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Sometimes an Eloise story is a few declarative sentences, a name and an incident and then both the subject and the deed forever wash into the background of historical permanence, only to be retread by curiosity seekers such as you and me. Such is the case of William Fraley who was a committed charge of Eloise in October of 1903. He was confined to a padded cell at "Emergency hospital" for five days and then never heard from again via the written press. That last fact mostly being a boon to both him and the public at large.
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Martin Schrammel was a German immigrant who lived in Hamtramck around the turn of the 20th century. He spoke very little English, was a rabble-rouser of sorts, a pro se justice seeker and... the self-pronounced "Governor" of his city. He had a tax deed to prove it. He also owned the sub-division that he resided in, had the authority to run wandering cattle from the confines of his property and the city itself and declared that the Grand Trunk railway which passed nearby by his homestead was in violation of his property rights and thus he sometimes fiddled with the switch as was his right!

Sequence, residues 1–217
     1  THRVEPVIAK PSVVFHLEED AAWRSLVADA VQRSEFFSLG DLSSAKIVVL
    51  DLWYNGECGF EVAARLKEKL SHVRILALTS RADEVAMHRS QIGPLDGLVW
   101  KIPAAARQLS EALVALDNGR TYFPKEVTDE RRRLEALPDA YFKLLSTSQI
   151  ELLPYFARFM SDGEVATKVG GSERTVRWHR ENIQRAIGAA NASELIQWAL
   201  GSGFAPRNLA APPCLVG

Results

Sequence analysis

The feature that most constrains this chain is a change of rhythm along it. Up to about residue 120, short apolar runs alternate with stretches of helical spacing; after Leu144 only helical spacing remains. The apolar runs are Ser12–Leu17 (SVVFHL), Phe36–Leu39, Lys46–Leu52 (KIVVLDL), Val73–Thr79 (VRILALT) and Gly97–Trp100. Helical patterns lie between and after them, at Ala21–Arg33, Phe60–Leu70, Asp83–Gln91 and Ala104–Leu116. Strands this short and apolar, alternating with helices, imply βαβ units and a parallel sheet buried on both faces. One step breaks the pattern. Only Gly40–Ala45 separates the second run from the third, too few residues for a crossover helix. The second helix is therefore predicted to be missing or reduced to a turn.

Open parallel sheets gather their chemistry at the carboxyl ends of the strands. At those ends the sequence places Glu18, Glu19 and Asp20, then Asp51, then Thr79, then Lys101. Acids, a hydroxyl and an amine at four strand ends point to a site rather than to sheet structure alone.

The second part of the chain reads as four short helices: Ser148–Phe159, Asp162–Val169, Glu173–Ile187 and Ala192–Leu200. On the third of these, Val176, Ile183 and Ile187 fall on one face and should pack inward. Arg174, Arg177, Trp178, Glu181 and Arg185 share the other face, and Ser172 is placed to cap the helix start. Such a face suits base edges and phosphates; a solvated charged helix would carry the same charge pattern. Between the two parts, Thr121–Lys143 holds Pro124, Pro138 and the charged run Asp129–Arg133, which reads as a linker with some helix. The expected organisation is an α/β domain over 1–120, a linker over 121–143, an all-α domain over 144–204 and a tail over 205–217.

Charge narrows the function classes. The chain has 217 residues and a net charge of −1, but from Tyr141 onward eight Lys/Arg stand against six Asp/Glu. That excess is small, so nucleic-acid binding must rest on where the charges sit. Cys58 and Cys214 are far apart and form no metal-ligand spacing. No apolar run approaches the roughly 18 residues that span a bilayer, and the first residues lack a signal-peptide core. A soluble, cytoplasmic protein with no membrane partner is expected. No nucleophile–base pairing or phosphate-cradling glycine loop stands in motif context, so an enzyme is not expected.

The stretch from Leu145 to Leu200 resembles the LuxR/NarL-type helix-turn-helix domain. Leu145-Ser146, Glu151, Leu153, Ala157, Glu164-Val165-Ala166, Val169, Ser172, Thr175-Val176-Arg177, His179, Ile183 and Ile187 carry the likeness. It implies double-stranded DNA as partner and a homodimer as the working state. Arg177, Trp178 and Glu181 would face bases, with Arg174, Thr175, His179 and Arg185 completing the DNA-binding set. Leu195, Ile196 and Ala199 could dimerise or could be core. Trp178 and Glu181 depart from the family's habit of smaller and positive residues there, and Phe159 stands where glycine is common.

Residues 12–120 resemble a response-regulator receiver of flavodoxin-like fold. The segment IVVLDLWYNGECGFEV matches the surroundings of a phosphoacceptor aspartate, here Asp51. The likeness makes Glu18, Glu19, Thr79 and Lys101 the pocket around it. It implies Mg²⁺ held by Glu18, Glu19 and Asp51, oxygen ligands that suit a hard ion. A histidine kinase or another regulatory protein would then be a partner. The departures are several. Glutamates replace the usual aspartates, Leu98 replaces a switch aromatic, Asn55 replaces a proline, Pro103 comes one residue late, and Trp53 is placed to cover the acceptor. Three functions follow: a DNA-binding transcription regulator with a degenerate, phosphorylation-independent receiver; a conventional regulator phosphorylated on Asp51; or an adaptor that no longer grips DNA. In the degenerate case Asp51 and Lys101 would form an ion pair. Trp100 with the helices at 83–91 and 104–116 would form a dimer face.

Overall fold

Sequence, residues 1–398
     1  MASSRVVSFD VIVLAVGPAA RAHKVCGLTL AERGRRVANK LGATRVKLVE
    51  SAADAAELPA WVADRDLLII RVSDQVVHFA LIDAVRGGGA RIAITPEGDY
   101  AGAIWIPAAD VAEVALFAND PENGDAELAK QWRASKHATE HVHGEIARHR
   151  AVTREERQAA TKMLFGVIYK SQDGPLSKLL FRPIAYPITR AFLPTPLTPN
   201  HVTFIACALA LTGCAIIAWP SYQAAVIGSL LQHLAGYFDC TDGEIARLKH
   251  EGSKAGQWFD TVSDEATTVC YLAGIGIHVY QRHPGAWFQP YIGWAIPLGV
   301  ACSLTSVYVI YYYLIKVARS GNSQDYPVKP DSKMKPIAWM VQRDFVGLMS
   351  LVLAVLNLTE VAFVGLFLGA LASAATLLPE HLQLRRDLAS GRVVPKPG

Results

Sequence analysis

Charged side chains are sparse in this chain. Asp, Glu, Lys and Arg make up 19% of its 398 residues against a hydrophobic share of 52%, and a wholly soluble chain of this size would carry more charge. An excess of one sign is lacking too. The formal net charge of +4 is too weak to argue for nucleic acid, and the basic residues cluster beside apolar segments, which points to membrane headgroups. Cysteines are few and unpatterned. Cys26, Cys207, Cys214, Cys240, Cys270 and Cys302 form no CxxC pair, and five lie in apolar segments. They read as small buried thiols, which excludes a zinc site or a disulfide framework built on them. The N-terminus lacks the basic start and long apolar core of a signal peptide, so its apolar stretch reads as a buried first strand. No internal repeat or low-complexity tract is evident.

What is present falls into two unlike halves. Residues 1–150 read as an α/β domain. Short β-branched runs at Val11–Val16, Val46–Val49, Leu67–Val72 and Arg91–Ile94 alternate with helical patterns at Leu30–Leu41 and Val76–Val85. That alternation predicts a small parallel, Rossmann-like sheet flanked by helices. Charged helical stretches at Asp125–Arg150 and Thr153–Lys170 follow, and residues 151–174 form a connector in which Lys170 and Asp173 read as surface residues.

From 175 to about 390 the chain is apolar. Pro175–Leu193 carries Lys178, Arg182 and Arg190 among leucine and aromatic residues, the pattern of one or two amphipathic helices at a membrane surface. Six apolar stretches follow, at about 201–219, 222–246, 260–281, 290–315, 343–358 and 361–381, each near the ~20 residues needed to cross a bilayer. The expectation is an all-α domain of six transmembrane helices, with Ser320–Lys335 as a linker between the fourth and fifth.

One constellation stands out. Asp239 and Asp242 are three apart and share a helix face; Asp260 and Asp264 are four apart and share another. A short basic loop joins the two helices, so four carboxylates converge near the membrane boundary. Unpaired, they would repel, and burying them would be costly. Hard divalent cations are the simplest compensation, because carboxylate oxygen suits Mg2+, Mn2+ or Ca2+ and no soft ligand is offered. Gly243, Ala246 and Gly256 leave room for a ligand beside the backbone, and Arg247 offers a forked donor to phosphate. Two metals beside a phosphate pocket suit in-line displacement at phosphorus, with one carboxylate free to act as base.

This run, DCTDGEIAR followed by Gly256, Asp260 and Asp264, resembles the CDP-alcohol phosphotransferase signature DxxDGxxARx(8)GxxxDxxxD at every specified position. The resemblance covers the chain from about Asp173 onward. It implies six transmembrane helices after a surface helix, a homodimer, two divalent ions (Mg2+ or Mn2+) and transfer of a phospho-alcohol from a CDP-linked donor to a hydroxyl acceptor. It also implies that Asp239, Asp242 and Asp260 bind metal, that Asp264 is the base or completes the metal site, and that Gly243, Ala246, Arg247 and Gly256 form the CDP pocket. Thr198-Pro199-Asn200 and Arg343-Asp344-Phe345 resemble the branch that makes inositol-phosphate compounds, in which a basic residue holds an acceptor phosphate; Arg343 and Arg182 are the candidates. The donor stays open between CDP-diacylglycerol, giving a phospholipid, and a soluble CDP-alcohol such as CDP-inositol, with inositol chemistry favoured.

His first documented brush with the law was in 1902 when he was arrested for malicious threats made against one William Osten. Having threatened to poison Olsten's cows and children he was found guilty in a bench trial and fined $10 plus court costs (total $14). Unhappy with the decision he appealed the case and eventually won. When his fine and court costs weren't returned he sued the county demanding back his money and eventually won in the summer of 1904.
His legal troubles returned just a few years later when squabbles with neighbors and constant pestering of Judge Binder of Wayne County induced a request by the affronted parties to have him declared insane. He caused a stir at the courthouse in 1907 when he ran through the corridors wildly waving his arms before interrupting three courtrooms by approaching each bench and staring at the sitting judges. His chest was covered in various cheaply made brass and tin medals which were proudly displayed and boasted. He was taken into custody by the sheriff but when sent to Eloise he was quickly returned by Dr. Marker who insisted that the man was not insane.
His next showdown was with neighbor Alice Budenshark in 1908. A dispute between wandering farm animals induced the argument and Schrammel unleashed a barrage of profanity at the woman and was arrested soon thereafter. The Judge and concerned neighbors sought to have him committed once again. At the behest of Judge Binder he went to see the sheriff to once again settle the territorial disputes but was jailed instead in an arranged arrest plot by the judge to determine Schrammel's mental stability. At the trial to determine his sanity, Judge Durfree declared the German to be ugly but not insane despite much testimony to the contrary by his peers. Although Schrammel was free to go home it was agreed that the next serious incident would be punishable by time served at the House of Corrections.